The Thom Browne set / Dan & Corina

The bottom line is at the base of everything – when even the insanity evoked by Thom Browne’s inky-hued widow’s weeds had a commercial viability

Thanks to the odd shifting of fashion weeks backwards and forwards, New York’s opening gambit of the autumn/winter 2015 season coincided with not one, but three major events of the outside world: the NBA All-Star weekend, Presidents’ Day, and the Chinese New Year.

Fashion doesn’t care so much about dead statesmen, or basketball (Tommy Hilfiger co-opted a few of the jerseys for his show, but that was about it). But the Chinese thing had resonance – and not just in the fireworks that rang out over the west side highway, just before the Narciso Rodriguez show and after Peter Copping’s debut collection for Oscar de la Renta. On the purely commercial level, plenty of brands have created special ranges for this traditional gift-giving bonanza, tailored for luxury-goods consumers who have become the world’s most important. Fendi is one example: an offering in lucky scarlet took pride of place in its revamped Madison Avenue boutique for its grand reopening.

 

This Chinese New Year rings in the year of the sheep (or goat, or ram – the same Chinese ideogram denotes them all). Which is appropriate for fashion, as so many are content to sheepishly follow rather than set the standard. That’s not unique to New York’s bunch of designer labels, but it’s an accusation that was often overwhelmingly levelled at them. One of the reasons New York leapfrogged Europe to establish itself as the first fashion capital in the four-city circuit was to allay accusations of plagiarism in the late Nineties. It also makes good business sense to get in there early and try to bogart a chunk of the buying budget. The bottom line is at the base of everything there – when even the insanity evoked by Thom Browne’s inky-hued widow’s weeds, meandering forlornly around a Victorian operating theatre in polished oak, had a commercial viability. Indeed, there was a preponderance of black in New York. It sells well (albeit not online) and reflects the hue of New York designers’ bank accounts.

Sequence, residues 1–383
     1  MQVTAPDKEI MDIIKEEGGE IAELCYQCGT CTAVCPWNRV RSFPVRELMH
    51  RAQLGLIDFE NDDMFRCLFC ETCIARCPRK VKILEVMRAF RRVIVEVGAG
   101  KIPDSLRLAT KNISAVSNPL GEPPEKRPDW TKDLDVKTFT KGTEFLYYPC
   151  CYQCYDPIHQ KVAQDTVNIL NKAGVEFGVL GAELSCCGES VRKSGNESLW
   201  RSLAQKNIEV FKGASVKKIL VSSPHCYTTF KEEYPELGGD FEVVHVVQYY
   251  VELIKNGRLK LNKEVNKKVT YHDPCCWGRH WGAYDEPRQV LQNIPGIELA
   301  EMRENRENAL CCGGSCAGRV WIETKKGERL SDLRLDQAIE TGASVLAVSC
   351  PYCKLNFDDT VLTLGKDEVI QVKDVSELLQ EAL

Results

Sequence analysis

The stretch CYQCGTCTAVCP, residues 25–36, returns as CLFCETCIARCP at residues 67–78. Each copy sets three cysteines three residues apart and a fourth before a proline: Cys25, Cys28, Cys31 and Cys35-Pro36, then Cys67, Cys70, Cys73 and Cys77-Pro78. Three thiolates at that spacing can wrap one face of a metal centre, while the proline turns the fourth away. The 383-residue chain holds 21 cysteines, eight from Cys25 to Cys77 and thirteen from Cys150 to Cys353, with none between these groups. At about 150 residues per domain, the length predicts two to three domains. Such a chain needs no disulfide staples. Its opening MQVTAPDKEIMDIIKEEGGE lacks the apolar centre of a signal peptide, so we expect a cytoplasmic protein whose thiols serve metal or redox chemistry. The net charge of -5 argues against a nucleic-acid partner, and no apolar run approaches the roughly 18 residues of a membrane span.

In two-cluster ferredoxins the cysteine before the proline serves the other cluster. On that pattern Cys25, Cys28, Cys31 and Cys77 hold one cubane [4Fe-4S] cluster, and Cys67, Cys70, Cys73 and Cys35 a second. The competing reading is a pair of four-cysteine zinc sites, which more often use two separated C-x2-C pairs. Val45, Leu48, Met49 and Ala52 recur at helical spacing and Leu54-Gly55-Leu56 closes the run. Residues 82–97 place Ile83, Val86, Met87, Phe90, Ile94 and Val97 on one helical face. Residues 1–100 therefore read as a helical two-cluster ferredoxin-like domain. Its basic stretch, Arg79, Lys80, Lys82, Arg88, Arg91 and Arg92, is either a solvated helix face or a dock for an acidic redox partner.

The most interesting sheep in any flock are also the black ones. There are a few in New York – Browne, Jack McCollough and Lazaro Hernandez, who design under the Proenza Schouler label, and Kate and Laura Mulleavy of Rodarte. Those designers’ work stands out amongst the tightly knit pack, fairly consistently. Sometimes, it even resonates on the world stage. You couldn’t count Ralph Lauren, Oscar de la Renta or Jason Wu amongst them – none of them is a black sheep – but there’s something about the strength of their number, and of the consistency of their message of slick luxury daywear and artfully embellished evening gowns, that gives them a global gravitas too, as a collective force to be reckoned with. The others are the rebels, these are the establishment – and what is a rebel without an establishment to butt up against?